Business Today

The Lust-Love Conundrum

Any government with such high expectations from its capital market and business backers should have already been crucified for having done nothing in the past four months to make the bankers and industrial families happy.
Ajit Dayal   Delhi     Print Edition: Oct 12, 2014
Modi magic still an expectation for stock markets
(Photo: Reuters)

Ajit Dayal, Director, Quantum Advisors.
In August 2013, the Indian rupee was the worst currency to have owned in the Emerging Market universe and the Indian stock market was one of the worst places to be invested. Today, India is a darling destination of foreign money and for local punters, who are back in the game. Discussions on market movements are the "hot topic" at social gatherings and in office canteens.

The 50 per cent surge in the broader market and the 100 per cent surge in the highly risky mid-cap and small-cap indices can be attributed to two emotional factors. Firstly, there is a belief that the theft under the Congress regime is over. Secondly, there is a celebration of the historical mandate won by Prime Minister Narendra Modi on promises that he will usher in a new India.

Today, the Congress loss is a reality but the Modi magic is still an expectation. The movement of the BSE-30 Index [Sensex] from 17,500 to 22,000 should be characterised as a "thank god the Congress lost" celebration of the ouster of one of India's most dishonest and incompetent governments. But the surge of the market by a further 25 per cent is not due to any Modi Magic.

Any government with such high expectations from its capital market and business backers should have already been crucified for having done nothing in the past four months to make the bankers and industrial families happy. The budget gave no windfall tax breaks to companies or owners of capital, there seems to be no letting up of the pressure on the courts scrutiny of the coal blocks, the spectrum allocations-and even the gas price wars have not been resolved. The assorted crony capitalists that dot the legislative processes across the compromised Indian economic landscape seem perplexed on why there is no moolah coming their way.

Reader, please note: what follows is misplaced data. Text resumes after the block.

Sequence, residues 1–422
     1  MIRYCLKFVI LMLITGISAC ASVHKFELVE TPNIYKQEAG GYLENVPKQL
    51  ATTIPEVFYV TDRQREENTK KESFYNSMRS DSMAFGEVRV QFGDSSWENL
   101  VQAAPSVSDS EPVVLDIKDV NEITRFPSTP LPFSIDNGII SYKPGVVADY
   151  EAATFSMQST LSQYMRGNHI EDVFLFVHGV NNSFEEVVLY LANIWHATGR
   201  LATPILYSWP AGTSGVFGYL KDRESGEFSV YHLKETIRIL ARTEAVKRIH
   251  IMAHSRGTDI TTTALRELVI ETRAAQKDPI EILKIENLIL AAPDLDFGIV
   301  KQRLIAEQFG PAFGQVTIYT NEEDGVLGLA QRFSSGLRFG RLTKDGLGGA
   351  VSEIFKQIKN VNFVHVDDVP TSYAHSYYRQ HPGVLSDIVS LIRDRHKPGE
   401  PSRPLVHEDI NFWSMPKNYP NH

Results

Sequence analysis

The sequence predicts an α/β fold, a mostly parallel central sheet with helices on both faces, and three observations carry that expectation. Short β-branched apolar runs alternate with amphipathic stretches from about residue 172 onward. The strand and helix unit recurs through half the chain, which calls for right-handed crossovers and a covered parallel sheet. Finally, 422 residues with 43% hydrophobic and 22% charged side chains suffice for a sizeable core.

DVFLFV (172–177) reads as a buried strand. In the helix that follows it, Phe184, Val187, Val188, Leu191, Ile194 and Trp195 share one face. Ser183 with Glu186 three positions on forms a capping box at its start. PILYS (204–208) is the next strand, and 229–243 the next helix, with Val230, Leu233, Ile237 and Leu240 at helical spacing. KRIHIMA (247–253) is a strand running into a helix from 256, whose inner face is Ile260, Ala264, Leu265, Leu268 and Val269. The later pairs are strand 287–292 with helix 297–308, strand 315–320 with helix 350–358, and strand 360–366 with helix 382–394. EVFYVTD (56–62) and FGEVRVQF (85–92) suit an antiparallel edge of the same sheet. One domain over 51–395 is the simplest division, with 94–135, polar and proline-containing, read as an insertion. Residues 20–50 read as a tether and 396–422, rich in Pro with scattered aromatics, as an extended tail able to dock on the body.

The economy will go through a natural recovery but that natural recovery cannot justify an index above 22,000

Global events have helped propel share prices. The price of oil has tumbled, gold is still in a rut and even the smuggled price of gold has reportedly slipped. This has reduced India's import bill and the current account deficit.

Meanwhile, Reserve Bank of India Governor Raghuram Rajan has diligently built a war chest of US dollars to offset any sudden claims that may arise from NRI depositors or foreign portfolio investors booking profits from stock market or bond gains. India's fledgling capital markets may be rattled if the US Federal Reserve begins to raise interest rates and foreign investors stop buying (or, god forbid, start selling) Indian equities and bonds in their desire to own "safer" assets.

To move further - or even to maintain the levels it is at now - stock markets need to see growth in earnings to be closer to 20 per cent. This translates into an increase of over 40 per cent from the current rate of growth in earnings. Or it requires the crony capitalists to get their pound of flesh and extract the supra-normal profits they are so used to and boost the share prices of these large index-influencing companies.

So far, Prime Minister Modi has (rightfully!) been working on pleasing the 250 million Indians who have put their faith in him and not been working for the few industrial families seeking hand outs. Yes, the economy will go through a natural recovery but that natural recovery cannot justify an index above 22,000. In August, retail investors have - for the fifth time since 2005 - pumped in more than $1 billion into domestic equity mutual funds. On two occasions (March 2006 and May 2006) that was a good call from a one- and two-year investing perspective. On the more recent two occasions (August 2007, January 2008), that was a disastrous call.

Investors need to be more discerning. Hoping for a Modi miracle may be a reliable bet but banking on the cheerleaders of the financial services industry to give you honest and truthful advice is a risk akin to hoping that lust will turn into love.

(The author, Ajit Dayal, is director of Quantum Advisors)

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